Consumers’ delivery expectations are inflexible

10… 9…. 8…. Who doesn’t love the drama of a good countdown – which, in NASA parlance, now sits at T minus 10 days and is counting.

This is, of course, the Christmas Countdown Clock, a device that is not only anxiety-provoking for kids and adults (albeit for different reasons), but also available digitally online. free, or for sale in 1,000 different varieties of shelving or walls – many of which, according to Amazon, can still be delivered in time for the big day.

While he is not passing judgment on the late purchase of a calendar that would only have 20% of its useful life by the time it arrives, the product is not the issue here.

The product – any product – is the premise. Consumer expectations haven’t bowed at all, and months of warnings and holiday shopping calls and sales earlier than ever have done little to speed up our buying – and, to in turn, have re-given this procrastination as a logistical giveaway to retailers across the country scrambling to deliver.

“Consumers are not slacking off retailers this holiday season,” said Khaled Naim, CEO of Onfleet, a San Francisco-based last mile delivery company that has made more than 100 million deliveries to 80 countries. But even though consumers are aware of supply chain issues, he said their expectation of fast and timely delivery is intact, forging a reality that is both a challenge and an opportunity.

“There is no shortage of stories about supply chain delays and the impact on retailers, but buyers expect to receive their purchases quickly regardless,” Naim told PYMNTS, noting that while “the model Amazon “may have defined this mindset. motion Twenty years ago, many other retailers have since joined the chorus, either by choice or by necessity.

“The new rapid trade players emerging from the pandemic have reinforced the importance for retailers to have a long-term delivery strategy that takes into account consumer expectations, otherwise [they’re] risk market share to competitors who are, ”he said.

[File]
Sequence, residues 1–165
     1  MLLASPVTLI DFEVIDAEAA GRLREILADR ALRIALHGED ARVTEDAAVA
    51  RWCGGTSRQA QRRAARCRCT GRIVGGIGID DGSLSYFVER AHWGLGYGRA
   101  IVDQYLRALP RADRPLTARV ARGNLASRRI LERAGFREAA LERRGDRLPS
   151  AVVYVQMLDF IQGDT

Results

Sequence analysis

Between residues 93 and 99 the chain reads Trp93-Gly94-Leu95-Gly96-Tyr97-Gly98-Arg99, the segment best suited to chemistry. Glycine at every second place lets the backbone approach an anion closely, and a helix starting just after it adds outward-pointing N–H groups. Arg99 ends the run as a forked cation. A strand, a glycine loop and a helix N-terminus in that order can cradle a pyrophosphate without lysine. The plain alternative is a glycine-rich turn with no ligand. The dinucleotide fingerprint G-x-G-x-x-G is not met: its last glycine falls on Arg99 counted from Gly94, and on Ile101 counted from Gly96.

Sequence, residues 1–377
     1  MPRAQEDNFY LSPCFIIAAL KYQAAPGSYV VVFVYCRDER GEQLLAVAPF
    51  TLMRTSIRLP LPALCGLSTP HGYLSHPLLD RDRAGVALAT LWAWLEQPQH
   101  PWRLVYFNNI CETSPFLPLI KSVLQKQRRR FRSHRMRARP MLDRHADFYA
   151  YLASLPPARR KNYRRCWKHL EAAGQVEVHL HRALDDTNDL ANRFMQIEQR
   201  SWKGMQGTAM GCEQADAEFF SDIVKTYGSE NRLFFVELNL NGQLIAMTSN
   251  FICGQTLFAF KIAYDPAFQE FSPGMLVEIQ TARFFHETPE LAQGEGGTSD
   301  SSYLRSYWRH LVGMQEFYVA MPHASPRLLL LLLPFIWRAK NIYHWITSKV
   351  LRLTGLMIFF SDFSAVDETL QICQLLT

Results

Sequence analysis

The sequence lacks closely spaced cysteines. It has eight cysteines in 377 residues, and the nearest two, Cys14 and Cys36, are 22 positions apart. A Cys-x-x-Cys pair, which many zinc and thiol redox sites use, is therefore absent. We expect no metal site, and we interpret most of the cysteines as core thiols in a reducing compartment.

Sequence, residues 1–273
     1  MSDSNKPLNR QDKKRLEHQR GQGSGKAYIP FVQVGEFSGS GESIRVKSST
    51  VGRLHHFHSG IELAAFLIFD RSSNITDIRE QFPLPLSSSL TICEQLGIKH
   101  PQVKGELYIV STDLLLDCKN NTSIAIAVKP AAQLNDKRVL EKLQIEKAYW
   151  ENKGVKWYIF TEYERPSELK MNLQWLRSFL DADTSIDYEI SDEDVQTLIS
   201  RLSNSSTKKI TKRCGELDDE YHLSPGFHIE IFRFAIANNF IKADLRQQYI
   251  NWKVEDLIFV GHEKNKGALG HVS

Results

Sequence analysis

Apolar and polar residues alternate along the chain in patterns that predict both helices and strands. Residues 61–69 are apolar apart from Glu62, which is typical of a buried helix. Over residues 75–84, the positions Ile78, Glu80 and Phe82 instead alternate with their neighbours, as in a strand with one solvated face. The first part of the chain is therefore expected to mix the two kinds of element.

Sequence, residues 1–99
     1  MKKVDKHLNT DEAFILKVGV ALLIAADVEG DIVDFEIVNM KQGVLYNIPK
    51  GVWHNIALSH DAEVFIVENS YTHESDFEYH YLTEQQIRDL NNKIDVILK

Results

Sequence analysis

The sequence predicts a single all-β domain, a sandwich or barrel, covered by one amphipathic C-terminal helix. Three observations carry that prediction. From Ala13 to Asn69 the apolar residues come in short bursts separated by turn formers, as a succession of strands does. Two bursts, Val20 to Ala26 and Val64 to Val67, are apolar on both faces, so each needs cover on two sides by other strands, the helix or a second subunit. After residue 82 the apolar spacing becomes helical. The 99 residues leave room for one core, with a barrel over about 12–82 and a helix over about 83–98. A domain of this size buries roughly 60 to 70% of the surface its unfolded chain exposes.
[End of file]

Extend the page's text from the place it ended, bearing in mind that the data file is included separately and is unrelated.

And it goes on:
Everything about logistics

Whether it’s Christmas presents, groceries or dinner, the heavy weight of delivery and logistics has never been so tight, so much so that a merchant’s ability to quickly execute a ordering is now often the deciding factor in a purchase.

“Inventory-based decisions are more important than ever,” said Zohar Gilad, CEO of Fast Simon, a California-based e-commerce optimization startup. “Due to supply chain issues and constant customer demands, brand loyalty declines as shoppers rate the speed of buying versus labels. “

According to Gilad, advanced technologies, such as automation and artificial intelligence (AI) for search, merchandising and personalization, are now ‘data for retailers’ as they seek to improve their business efficiency and modernize their strategies of sale.

“What is unique now, given the work / work dynamic and the decreasing duration of [retail] employees, is how quickly retailers can get people up to speed with systems and implement technology – before anyone leaves, ”he said, adding that self-service and with a quick time to market will win.

Involuntary procrastination

Even though consumers have been warned and even begged to shop early – in some cases since Halloween – data from PYMNTS shows that with the end of federal stimulus checks combined with the inflation bite at a 40-year peak, nearly 60% of U.S. households are now living paycheck to paycheck and just don’t have the cash on hand or the credit available to go out and shop when they do. wish.

Also see: Inflation and demise of stimulus payments are pushing paychecks to paychecks Consumers rank higher

In other words, this data suggests that many consumers may not have postponed their purchases because they wanted to, but because they had to.

Even though these dawn of business consumers would like all their purchases and shipping to be made and paid for, they just had to wait until the next payday for it to happen. At this point, with the countdown to Christmas on the 7th this Friday, decision-making will be swift – and driven almost exclusively by product availability and delivery options rather than choice.



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